So what exactly are growers looking for in new sorghum traits? “Anytime surveys are done, yield is No. 1,” Lust says, adding that things like herbicide resistance are also always on growers’ minds. Talley says enhanced drought tolerance is another sought-after trait, particularly in the primary sorghum-producing areas.
Some traits, though, are often tightly linked to specific end uses. For example, sorghum with higher starch content or “a more fermentable and extractable starch” has real value in the biofuel market, Lust says.
In addition to grain, forage and silage, there are a couple of sorghum types — biomass and sweet — that are grown on far fewer acres (less than 100,000 for each in the U.S.) but are starting to attract significant interest, and more importantly, investment dollars for research. More dollars equals advances in sorghum breeding and
“Our seed companies have made some really spectacular genetic advancements on sweet and biomass sorghum,” Lust says.
Partnering to Improve Sorghum
Most recently, DuPont Pioneer and the United Sorghum Checkoff Program announced a collaboration to advance genetic tools and opportunities for grain sorghum. Under a three-year collaboration agreement, the Sorghum Checkoff will leverage the seed technology program at Pioneer for a total investment of $800,220.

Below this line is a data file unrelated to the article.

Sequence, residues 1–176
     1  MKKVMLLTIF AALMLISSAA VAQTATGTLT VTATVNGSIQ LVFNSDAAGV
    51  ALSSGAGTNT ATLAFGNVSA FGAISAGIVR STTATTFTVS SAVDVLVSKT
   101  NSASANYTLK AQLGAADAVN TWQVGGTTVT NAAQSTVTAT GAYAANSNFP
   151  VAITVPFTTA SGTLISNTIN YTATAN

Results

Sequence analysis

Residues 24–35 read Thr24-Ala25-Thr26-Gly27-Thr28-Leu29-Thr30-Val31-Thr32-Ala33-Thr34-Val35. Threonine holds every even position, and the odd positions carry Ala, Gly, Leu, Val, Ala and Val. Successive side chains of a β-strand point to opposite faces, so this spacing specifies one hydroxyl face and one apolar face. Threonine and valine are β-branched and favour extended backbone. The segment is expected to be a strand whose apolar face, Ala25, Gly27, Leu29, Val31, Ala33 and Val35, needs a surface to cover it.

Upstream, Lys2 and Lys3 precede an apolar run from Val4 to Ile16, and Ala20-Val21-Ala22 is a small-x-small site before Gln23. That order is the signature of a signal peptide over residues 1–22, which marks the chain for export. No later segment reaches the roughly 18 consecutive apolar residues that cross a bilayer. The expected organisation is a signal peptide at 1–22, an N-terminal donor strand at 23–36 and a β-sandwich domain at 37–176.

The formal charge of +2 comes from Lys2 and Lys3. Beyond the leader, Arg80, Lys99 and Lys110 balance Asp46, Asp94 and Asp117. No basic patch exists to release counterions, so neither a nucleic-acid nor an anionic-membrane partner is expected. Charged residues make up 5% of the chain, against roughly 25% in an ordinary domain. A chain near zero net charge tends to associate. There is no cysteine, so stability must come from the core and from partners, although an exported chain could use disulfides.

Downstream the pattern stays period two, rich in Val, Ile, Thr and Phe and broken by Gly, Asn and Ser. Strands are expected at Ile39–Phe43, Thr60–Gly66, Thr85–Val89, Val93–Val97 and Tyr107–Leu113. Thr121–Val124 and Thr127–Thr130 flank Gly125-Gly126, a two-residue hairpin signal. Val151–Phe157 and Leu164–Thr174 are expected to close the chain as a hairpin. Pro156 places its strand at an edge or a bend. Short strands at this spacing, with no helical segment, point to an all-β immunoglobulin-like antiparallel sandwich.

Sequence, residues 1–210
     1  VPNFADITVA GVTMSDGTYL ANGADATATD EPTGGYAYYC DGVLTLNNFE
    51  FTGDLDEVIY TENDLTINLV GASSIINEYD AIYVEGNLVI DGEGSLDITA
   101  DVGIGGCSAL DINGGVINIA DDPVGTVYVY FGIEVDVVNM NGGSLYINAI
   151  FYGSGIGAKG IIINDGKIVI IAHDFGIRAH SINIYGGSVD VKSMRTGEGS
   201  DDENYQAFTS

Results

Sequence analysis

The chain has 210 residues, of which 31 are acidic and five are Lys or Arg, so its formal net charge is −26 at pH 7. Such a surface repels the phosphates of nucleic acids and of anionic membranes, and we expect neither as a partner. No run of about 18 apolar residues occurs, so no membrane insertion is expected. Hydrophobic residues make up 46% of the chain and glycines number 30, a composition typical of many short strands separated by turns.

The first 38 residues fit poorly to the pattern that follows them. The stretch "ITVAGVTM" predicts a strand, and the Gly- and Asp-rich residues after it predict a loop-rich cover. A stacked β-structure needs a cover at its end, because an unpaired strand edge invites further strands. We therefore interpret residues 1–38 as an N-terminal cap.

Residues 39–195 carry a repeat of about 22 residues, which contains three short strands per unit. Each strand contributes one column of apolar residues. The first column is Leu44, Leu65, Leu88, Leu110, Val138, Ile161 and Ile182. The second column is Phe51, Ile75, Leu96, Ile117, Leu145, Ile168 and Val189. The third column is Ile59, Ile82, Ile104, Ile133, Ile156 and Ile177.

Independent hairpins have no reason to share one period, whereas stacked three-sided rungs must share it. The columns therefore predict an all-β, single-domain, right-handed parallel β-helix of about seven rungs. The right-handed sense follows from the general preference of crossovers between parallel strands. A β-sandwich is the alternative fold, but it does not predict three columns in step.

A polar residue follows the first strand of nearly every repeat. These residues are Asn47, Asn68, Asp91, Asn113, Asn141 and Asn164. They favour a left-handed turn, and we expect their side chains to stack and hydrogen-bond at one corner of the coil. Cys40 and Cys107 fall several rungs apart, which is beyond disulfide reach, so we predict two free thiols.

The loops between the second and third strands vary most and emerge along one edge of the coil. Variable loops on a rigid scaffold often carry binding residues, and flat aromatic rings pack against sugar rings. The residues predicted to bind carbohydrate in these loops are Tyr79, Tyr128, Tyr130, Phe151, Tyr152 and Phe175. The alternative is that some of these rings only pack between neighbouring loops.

“This collaboration will help increase sorghum farmer productivity and profitability,” says Kay Porter, DuPont Pioneer senior research manager. “We believe this collaboration will lead to new innovations to develop stronger and higher yielding sorghum varieties.”
As part of the collaboration, researchers will focus on three genetic projects, which include:
• A search for a haploid inducer line, the first step in the development of double haploid sorghum breeding programs. If successful, this development would lead to a major leap forward in the speed of sorghum breeding.
• The development of a high throughput, precision screening method for stress-induced stalk lodging, which targets an important agronomic challenge for sorghum farmers
• The development of non- and low-tillering sorghum hybrids, which would allow sorghum farmers to leverage precision techniques.
October Issue 2014